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Excel Games and Versions of Excel
The first Excel games were made with since Excel 97 (8.0) became available, because it was the first version of Excel with VBA support. Now, probably a very small fraction of users works with Excel 97, but Excel 2000 is probably still quite popular, even though most people works with Excel 2002 (XP) or Excel 2003.
If you want to make a game with MS Excel, it is a good practice to assure it will work with different versions of Excel. You may easily find concise summaries of differences between Excel versions like that on John Walkenbach’s website.
The most important upgrades are the introduction of modeless Userforms in Excel 2000 and customizable protection of workbook elements since Excel 2002. Below, I will list some lesser known issues that may be important for Excel gaming. The fall into three categories: backward / forward compatibility, performance and localization.
1. Backward / Forward Compatibility
Generally, if something works in one version of Excel it should work with other versions, but not the reverse because of new features. In fact, this is not always the case. The practical issue, important for Excel gaming is working with unlocked cells. The following code:
Range("A1").Locked = False ActiveSheet.Protect With Range("A1") .Value = "X" End With
Works both in Excel 2000 and Excel 2002, however:
Range("A1").Locked = False ActiveSheet.Protect With Range("A1") .Value= "X" .Interior.ColorIndex = 15 End With
Works neither in Excel 2000 nor 2002. What is quite peculiar, the code:
Range("A1").Locked = False ActiveSheet.Protect With Range("A1") .Value= "X" .Font.ColorIndex = 15 End With
Works in Excel 2000, but not Excel 2002 - there is no forward compatibility. And finally, the code:
Range("A1").Locked = False ActiveSheet.Protect AllowFormattingCells:=True With Range("A1") .Value= "X" .Interior.ColorIndex = 15 End With
Works in Excel 2002, but not 2000, since the extended option for protecting workbook elements (AllowFormattingCells) is available since Excel XP - the lack of backward compatibility.
Of course, there are several ways to copy with this problem. Instead of formatting unlocked cells, use only Range().Copy method to alter cells. Unprotect / Protect to perform the operations (it will slow down the code, though). You may also write a piece of custom code for different excel version, to make the third example above works both in Excel 2000 and 2002:
Range("A1").Locked = False If Application.Version <> "9.0" Then ActiveSheet.Protect AllowFormattingCells:=True Else ActiveSheet.Protect End If With Range("A1") .Value= "X" .Font.ColorIndex = 15 End With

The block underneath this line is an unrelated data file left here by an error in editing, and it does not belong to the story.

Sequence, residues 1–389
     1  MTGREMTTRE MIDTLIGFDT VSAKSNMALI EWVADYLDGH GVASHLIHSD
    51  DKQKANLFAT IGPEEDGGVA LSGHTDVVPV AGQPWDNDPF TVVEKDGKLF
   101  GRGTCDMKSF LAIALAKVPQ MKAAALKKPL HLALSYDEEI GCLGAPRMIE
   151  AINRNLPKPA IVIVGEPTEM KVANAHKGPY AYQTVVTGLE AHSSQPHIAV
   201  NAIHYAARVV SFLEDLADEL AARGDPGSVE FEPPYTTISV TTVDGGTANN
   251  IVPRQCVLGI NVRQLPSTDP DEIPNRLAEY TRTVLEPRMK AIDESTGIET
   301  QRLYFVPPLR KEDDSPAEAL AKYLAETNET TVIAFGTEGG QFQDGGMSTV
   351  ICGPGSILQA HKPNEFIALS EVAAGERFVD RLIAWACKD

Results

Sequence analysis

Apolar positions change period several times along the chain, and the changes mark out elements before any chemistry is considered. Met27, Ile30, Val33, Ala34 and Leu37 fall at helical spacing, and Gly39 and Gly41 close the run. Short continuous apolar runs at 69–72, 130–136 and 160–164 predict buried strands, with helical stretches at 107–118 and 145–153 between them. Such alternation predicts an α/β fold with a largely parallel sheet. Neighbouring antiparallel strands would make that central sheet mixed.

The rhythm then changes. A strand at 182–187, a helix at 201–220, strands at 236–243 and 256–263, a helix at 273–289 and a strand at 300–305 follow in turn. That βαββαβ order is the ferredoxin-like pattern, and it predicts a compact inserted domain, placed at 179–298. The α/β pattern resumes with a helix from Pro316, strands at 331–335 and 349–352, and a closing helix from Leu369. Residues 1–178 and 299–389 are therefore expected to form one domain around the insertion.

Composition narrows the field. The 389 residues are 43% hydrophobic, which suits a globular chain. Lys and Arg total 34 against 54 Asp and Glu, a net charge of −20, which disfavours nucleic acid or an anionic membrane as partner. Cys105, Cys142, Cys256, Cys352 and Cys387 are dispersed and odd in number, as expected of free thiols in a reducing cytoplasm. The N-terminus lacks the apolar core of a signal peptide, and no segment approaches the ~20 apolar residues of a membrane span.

Reading Excel version with Application.Version allows you to handle some compatibility issues. When you use it, remember that it returns a text string, not a number.
2. Performance Differences
When it comes to typical task like arithmetic calculations or copying a range, there is no difference in performance between Excel versions - new versions are neither faster nor slower than the older ones. With one exception...
Excel Games Developers may be tempted to use different shapes to show animation. Sometimes it may produces outstanding effects, like in Gijs ter Beek’s ShootemXL (available in my Library):
Each new Excel versions added new functionality to shapes, like transparency. However, this happened at the significant decrease in performance. For shapes with 3D effects and shaded background, the following code, which rotates a shape named "mystar":
For Xi = 1 To 500 ActiveSheet.Shapes("MyStar").Rotation = (Xi*3) Mod 360 DoEvents Next Xi
May be about fifteen (!) times faster on Excel 2000 (you could get around 300 frames per second) than on Excel 2002, and it gets even more slower on Excel 2003. Simpler shapes are not affected that much, and they may still be animated very fast on latter Excel versions. Anyway, if you design a Shape animation on Excel 2000, make sure to test it also on Excel 2002 at above.
3. Regional Settings
Difference in Excel Version do not amount only to new vs older versions, but also to English vs Local Versions. When you develop an Excel application, keep in mind that it may be used by people who have version of Excel with different localization.
Many countries use coma as a decimal separator. Normally, it is not the problem, since Excel converts all numbers automatically to regional settings. However, if your code includes conversion of strings to numbers, you may encounter problems, as conversation function also use regional settings. The VBA code:
Xnum = CInt("10.0")
Works perfectly in English version, but will cause "type mismatch" error when run on German or Polish Version of Excel.
Whenever you add new objects like charts of shapes, give them an unique name using standard Latin alphabet (do not access objects via the default name like "Chart 3" and do not use signs outside the Latin alphabet for naming objects). Otherwise, there may be problem with accessing those objects with different localized version.
Finally, remember that if you try to access different functions of Excel with SendKeys, your code will most like fail on localized versions. The example from Excel VBA Object browser for SendKeys:
Works only in English Version. In my Polish version Excel I would need:
Generally, the use of SendKeys should be avoided as almost anything you could do with SendKeys can be done with other more reliable methods.
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